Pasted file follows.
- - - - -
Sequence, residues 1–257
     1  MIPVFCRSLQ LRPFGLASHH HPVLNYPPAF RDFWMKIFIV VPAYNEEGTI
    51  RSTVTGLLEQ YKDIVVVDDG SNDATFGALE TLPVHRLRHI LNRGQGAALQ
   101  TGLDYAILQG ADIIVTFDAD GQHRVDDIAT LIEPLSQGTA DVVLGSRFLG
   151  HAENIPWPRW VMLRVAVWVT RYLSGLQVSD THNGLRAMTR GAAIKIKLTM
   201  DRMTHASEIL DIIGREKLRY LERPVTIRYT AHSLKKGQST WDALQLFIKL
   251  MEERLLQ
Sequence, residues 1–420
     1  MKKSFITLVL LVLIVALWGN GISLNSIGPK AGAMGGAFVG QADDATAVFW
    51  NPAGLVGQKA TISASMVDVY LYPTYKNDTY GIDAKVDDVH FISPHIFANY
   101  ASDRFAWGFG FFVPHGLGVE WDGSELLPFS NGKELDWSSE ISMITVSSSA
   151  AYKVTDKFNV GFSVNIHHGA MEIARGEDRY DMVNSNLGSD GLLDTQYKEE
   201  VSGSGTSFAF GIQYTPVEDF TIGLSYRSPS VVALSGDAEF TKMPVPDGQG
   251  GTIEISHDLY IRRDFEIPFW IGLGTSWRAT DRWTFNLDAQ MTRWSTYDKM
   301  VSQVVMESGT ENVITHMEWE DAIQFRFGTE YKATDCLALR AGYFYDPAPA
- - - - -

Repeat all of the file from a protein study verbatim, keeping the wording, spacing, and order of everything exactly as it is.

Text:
Sequence, residues 1–257
     1  MIPVFCRSLQ LRPFGLASHH HPVLNYPPAF RDFWMKIFIV VPAYNEEGTI
    51  RSTVTGLLEQ YKDIVVVDDG SNDATFGALE TLPVHRLRHI LNRGQGAALQ
   101  TGLDYAILQG ADIIVTFDAD GQHRVDDIAT LIEPLSQGTA DVVLGSRFLG
   151  HAENIPWPRW VMLRVAVWVT RYLSGLQVSD THNGLRAMTR GAAIKIKLTM
   201  DRMTHASEIL DIIGREKLRY LERPVTIRYT AHSLKKGQST WDALQLFIKL
   251  MEERLLQ
Sequence, residues 1–420
     1  MKKSFITLVL LVLIVALWGN GISLNSIGPK AGAMGGAFVG QADDATAVFW
    51  NPAGLVGQKA TISASMVDVY LYPTYKNDTY GIDAKVDDVH FISPHIFANY
   101  ASDRFAWGFG FFVPHGLGVE WDGSELLPFS NGKELDWSSE ISMITVSSSA
   151  AYKVTDKFNV GFSVNIHHGA MEIARGEDRY DMVNSNLGSD GLLDTQYKEE
   201  VSGSGTSFAF GIQYTPVEDF TIGLSYRSPS VVALSGDAEF TKMPVPDGQG
   251  GTIEISHDLY IRRDFEIPFW IGLGTSWRAT DRWTFNLDAQ MTRWSTYDKM
   301  VSQVVMESGT ENVITHMEWE DAIQFRFGTE YKATDCLALR AGYFYDPAPA